Jiří Nantl, Deputy Minister of Education, Youth and Sports, Czech Republic, Chair of Alliance4Life, concentrated on the highlights and lessons learned from the nearly 5 years of activity of the unique alliance, Alliance4Life, which has in short been all about the institutional reforms done by the participating institutions themselves to enhance their competitiveness and being even more empowered by Widening measures both presently and in future. The center of gravity in the context of Widening has shifted more towards the east, backed by foreign policy. Alliance4Life is clearly a role model in Europe demonstrating the need to make the homework before expecting more funds. The experience of the alliance is embedded into the context the countries know very well and what they have carried out in terms of changes sometimes even without the help of national funds. The context of CEE is as unique as the alliance itself, the model of the USA or Western Europe might not be appropriate for it at all. Mr Nantl explained the experience of Alliance4Life in closing the gap between old and new EU countries, which is much deeper than just funding, as we also have to keep in mind career systems, policies, ecosystems, supporting mechanisms to scientists and many more. Shortly, good performance in Widening is correlated with good governance, institutional management and internal culture. Another very important aspect Mr Nantl stressed is that the new ERA should be based on the leadership from the middle (e.g. rectors, vice rectors, PI-s). 

Toivo Maimets, Professor, University of Tartu, Deputy Chair of Alliance4Life, a contributor to the Alliance’s policy paper on the efficiency of WIDESPREAD measures, presented the most important conclusions of this paper from participating Central and Eastern European countries in the FP. In his presentation prof. Maimets reminded the aim of the Widening measures (from HE Work Programme 2023-2024), which is tackling the innovation divide towards a more integrated European research and innovation ecosystem in the EU because R&I policy can only ensure excellence at EU if every country progresses. The more inclusive approach in EU R&I system means that every country can both participate and benefit. Comparing FP7, H2020 and HE we can see that the Widening countries share of participation in the FP has constantly slowly increased, all together less than 4 % (from 16,6% to 20,2% among EU 27), but there are still plenty of disparities in success rates between non-widening and widening countries, especially in case of ERC and EIC grants. No doubt, successful participation depend on the number of applications, confirming why Slovenia, Cyprus, Estonia and Malta succeeded well after submitting more than 3x the number of proposals per capita than the average of remaining widening countries.  However, the state of the art (depicted in European Innovation Scoreboard 2023) is that the gap between EU 14 and EU 13 has not been bridged, it is still growing, and the ‘Widening’ countries themselves are diverse with the disparities within the group.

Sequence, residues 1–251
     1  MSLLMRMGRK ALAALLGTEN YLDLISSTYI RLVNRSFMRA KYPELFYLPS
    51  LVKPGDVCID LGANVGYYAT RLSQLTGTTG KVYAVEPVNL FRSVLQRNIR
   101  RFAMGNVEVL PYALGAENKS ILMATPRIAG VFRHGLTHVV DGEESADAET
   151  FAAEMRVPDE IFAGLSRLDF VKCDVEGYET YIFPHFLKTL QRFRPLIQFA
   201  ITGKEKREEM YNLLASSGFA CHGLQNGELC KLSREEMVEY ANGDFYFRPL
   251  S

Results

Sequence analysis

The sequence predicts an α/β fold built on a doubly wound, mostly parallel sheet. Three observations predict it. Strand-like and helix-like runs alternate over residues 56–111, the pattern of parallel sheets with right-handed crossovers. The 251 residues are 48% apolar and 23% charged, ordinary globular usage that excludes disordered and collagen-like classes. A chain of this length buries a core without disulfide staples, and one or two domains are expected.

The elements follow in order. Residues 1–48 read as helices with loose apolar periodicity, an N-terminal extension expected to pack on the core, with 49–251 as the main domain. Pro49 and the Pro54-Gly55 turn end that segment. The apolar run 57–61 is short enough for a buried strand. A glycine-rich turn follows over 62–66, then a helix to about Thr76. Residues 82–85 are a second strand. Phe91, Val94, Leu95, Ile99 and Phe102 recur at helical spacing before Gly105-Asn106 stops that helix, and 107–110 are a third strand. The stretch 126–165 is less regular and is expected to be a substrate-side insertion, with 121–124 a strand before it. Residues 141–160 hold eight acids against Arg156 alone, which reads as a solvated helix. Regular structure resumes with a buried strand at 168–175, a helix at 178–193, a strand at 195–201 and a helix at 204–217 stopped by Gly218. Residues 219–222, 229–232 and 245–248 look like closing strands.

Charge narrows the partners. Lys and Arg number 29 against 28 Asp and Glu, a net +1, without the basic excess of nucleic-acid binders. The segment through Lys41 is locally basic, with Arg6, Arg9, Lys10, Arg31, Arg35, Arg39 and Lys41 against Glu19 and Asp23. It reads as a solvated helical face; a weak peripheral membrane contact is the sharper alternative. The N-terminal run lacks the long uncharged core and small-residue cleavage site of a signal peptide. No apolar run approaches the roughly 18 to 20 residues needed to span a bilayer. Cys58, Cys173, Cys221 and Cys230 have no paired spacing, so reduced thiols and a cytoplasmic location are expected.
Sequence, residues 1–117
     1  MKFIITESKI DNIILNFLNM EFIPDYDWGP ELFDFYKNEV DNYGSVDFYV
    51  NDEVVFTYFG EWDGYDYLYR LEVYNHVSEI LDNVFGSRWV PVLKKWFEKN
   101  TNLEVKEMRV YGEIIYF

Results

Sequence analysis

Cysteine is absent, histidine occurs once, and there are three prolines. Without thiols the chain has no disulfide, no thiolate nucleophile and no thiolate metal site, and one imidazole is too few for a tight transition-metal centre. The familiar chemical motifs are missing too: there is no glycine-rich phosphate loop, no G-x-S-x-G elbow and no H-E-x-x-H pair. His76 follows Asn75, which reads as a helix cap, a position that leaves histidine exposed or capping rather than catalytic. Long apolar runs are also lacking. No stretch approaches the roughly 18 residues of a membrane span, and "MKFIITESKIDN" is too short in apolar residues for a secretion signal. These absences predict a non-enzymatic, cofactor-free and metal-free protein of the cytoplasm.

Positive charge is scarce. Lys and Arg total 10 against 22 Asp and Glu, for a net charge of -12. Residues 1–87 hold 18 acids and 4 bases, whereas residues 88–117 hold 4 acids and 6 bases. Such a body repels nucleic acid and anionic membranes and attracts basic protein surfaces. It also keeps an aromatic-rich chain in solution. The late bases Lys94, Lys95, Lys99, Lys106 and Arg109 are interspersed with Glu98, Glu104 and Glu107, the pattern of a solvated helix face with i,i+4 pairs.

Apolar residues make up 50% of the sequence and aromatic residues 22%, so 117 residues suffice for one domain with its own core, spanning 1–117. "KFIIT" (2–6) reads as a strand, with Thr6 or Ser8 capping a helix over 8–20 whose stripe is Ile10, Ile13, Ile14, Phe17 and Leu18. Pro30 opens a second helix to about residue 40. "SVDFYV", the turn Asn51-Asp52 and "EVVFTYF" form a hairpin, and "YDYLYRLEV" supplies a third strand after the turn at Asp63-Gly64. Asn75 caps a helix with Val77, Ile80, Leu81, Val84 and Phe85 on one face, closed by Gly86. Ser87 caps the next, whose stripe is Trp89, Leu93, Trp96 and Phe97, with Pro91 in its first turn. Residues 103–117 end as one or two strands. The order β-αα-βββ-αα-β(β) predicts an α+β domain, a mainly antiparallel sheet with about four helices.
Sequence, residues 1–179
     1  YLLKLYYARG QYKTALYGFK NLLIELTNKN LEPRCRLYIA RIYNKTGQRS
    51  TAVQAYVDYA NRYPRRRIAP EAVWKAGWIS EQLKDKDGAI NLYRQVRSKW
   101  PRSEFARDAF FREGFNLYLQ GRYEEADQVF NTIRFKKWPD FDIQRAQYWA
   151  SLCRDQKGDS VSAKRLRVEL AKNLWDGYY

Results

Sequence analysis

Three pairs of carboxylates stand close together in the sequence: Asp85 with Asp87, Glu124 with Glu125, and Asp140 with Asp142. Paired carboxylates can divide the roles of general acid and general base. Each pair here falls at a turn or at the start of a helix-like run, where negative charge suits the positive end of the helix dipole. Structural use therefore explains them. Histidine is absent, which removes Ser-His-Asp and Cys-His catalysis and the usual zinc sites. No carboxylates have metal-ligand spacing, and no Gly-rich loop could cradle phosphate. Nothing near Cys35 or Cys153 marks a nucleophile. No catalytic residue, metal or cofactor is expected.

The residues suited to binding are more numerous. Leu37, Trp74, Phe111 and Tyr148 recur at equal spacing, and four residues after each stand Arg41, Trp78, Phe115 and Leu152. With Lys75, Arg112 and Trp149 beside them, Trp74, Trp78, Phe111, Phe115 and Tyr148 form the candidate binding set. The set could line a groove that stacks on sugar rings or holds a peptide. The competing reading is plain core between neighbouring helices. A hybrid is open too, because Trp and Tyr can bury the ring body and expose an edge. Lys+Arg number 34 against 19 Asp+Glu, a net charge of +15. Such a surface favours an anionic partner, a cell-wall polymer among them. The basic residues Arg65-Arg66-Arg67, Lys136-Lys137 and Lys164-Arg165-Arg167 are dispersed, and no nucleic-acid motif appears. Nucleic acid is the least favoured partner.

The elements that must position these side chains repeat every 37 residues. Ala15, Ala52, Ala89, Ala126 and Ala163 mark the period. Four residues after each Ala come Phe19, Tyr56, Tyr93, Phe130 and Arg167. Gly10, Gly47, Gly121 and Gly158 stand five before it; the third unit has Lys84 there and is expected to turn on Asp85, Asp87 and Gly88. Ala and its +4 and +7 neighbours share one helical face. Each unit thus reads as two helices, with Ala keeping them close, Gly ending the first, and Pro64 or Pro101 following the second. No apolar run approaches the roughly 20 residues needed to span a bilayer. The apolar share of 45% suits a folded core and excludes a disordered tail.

Professor Maimets described the principles and foundations of drafting the policy document and summarized what participation in the Widening measure has given to the countries – improved scientific cooperation, increased mobility of researchers and more grant writing trainings to name just a few. Recommendations for changes in the measure are also provided, such as allocating more funds to research and less to soft activities (trainings, mobility) taking also into condideration the different needs and costs of different research areas, resources to attract new talents supported hand-in-hand at national and EU level to address challenges of wage differences and visibility of institutions. As Widening countries are excellent themselves, incentives both for widening and non-widening countries should increase, more funding directed to Seal of Excellence at EU level and a ranking system worked out within Regional Cantres of Excellence. Recommendations from the policy document include shifting from supporting to empowering, enhancing coordination at national and EU levels, improving call coordination, and accelerating strategic changes. 

Formed in 2017, Alliance4Life successfully executed its first Horizon 2020 action in 2018-2019.   It is currently engaged in the second H2020 project through spring 2024. Plans for a follow-up 4-year Horizon project focus on enhancing the institutional profiles of its members to attract and retain international talents with the aim to create favorable operational conditions, improve research management, and address historical challenges. Alliance4Life strives to be a model for institutions in less developed regions in Europe, collaborating closely with established European networks. Additionally, the Alliance actively contributes to science policy, shaping priorities at national and EU levels, and providing insights for increased participation in the Framework Programme. 

The event was moderated by Zlatuše Novotná, Alliance4Life Coordinator, Head of Strategic Partnership and International Relations in CEITEC Masaryk University. The event was attended by 48 participants.  

The event was organized in cooperation with the Estonian Research Council in Brussels and the Embassy of Estonia in Belgium.